Adrian Cardenas, 2B, Athletics (Double-A Midland)
The big bat acquired from Philadelphia last year in the Joe Blanton deal, Cardenas entered the year with a career batting average of .299, a full .001 below expectations, as one scout had classified him as “the kind of player who seems like he could hit .300 in his sleep.” He’s doing much more than that early in the new season, going 3-for-4 with a home run on Friday, adding two hits (both doubles) on Saturday, and wrapping up the weekend with three hits, including a triple, to complete an 8-for-14 weekend that brought his average up to .405 over the first ten games of the year. With Mark Ellis signed through 2010 with a club option for ’11, it’s hard to figure out where he fits into Oakland’s future at his more natural position of second base, but the A’s have time to figure those kinds of things out… and a massively talented system is going to create a number of similarly difficult decisions over the next few years.
Gerrit Cole, RHP, UCLA
A few especially masochistic Yankee fans have been following Cole’s college career at UCLA, and one recently e-mailed me to ask what went wrong in the negotiations that kept the club’s first-round pick from last June from signing. The truth is, nothing really went wrong, the kid just had a change of heart-as any parent would explain, trying to gauge an 18-year-old’s emotions is a difficult thing. Still, the regret is understandable, as Cole has stepped into UCLA’s Friday starter role (the college equivalent of an ace) and not missed a step, striking out a career-high 13 against Washington on Friday while allowing only one hit over eight innings. With nearly twice as many strikeouts (71) as hits allowed (36) in 51
Brandon Erbe, RHP, Orioles (Double-A Bowie)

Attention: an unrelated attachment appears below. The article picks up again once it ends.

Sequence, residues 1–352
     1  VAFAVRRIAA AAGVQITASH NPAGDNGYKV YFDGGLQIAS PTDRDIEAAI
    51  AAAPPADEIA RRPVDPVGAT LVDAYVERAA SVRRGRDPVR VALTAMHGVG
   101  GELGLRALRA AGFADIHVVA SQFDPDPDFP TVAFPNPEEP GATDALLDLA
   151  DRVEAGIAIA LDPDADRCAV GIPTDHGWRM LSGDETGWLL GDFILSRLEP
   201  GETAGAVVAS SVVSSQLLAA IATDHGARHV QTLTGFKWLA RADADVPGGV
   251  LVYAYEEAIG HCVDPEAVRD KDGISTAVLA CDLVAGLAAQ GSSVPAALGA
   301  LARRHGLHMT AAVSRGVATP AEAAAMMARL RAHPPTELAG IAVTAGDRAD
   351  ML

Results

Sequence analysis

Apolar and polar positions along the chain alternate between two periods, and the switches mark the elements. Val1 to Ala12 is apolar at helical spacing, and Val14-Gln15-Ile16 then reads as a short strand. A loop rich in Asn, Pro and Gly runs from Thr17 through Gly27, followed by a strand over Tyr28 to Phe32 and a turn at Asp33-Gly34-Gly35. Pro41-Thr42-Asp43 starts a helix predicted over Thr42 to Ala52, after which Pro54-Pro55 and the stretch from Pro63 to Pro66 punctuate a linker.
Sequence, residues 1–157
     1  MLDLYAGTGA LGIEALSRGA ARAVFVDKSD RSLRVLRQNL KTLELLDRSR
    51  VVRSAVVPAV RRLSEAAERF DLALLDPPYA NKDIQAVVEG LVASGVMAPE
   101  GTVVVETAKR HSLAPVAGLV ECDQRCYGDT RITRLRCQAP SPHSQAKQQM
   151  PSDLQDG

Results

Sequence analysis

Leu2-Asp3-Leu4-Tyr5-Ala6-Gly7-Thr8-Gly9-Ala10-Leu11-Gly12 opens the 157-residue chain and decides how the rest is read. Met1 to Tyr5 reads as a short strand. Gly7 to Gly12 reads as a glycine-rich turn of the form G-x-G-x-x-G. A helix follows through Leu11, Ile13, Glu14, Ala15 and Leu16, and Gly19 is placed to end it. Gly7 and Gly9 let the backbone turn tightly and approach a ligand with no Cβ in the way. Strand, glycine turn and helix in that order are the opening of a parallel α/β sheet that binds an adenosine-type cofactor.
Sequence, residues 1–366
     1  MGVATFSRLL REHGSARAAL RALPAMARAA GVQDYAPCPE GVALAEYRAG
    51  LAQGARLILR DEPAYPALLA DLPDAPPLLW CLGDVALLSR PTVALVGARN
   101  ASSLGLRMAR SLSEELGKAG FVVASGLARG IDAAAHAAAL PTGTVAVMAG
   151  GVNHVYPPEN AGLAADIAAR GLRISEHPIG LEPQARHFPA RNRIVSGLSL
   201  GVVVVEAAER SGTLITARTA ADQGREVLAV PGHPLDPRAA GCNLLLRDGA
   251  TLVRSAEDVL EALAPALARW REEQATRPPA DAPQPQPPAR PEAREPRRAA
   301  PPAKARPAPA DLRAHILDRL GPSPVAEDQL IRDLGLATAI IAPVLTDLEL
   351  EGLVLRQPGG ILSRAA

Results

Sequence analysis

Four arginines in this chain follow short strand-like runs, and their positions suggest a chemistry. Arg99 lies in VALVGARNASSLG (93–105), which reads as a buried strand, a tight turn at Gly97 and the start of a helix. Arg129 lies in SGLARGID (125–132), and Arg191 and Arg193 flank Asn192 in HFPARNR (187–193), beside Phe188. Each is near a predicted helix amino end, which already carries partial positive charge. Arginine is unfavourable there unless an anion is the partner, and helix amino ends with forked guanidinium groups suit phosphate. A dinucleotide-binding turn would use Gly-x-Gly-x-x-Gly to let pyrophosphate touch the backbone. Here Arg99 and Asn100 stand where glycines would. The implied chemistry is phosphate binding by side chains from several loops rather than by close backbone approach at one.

The Erik Bedard trade netted Chris Tillman, while the last two drafts brought Jake Arietta and Brain Matusz into the system. That trio gets all of the attention, but Erbe was the best arm in the organization before all of that happened. He’s had his fair share of control issues since, but he’s still an outstanding arm, and that was on display Friday night, when he limited Akron to just one hit over six innings while striking out six in his second career Double-A start. While it seems as if he’s been here for a while, he’s actually just 21 years old, but he’s already delivering 92-94 mph heat, touching 96 and showing a much improved changeup to go with his average breaking ball. He’s just a small step below the big three, and there is still a solid chance that he ends up with a career as good as any of them.
Jason Heyward, OF, Braves (High-A Myrtle Beach)
With a surprisingly long stay in big-league camp, Heyward was one of the talks of spring training on the Florida side of things, so some were a bit surprised to see him start the year 3-for-17 in his first four games. Small sample sizes folks; the 2007 first-round pick went 2-for-3 on Sunday with a home run, and with four multi-hit games in his last six contests, including three homers, his averages are now at a very healthy .325/.438/.650. Keep in mind that Heyward hit just one home run in his first 22 games last season. He already has three this year, and eight of his 11 games have been home games at BB&T Coastal Field, where fly balls go to die. Ready to call it a breakout? Again, small sample sizes, but the results are encouraging.
Marcus Lemon, SS/2B, Rangers (Double-A Frisco)
Despite signing for $1 million out of the 2006 draft, Lemon has ended up buried in a loaded Rangers system. He’s not especially toolsy, but Chet’s kid is solid across the board and knows how to play fundamentally sound baseball, consistently reaching base at a healthy clip, and entering the year with career averages of .281/.367/.399. On Sunday, Frisco DH’d him just to keep his hot bat in the lineup, and though a 1-for-5 showing snapped his multi-hit streak at four games, it extended his overall season-starting streak to nine contests, as he’s 18-for-33 (.545) with four doubles and a triple. His range isn’t spectacular, but he makes every play that he gets to, and while he’s not a superstar in the making, I’d certainly take a shot at him in any trade talks with the Rangers.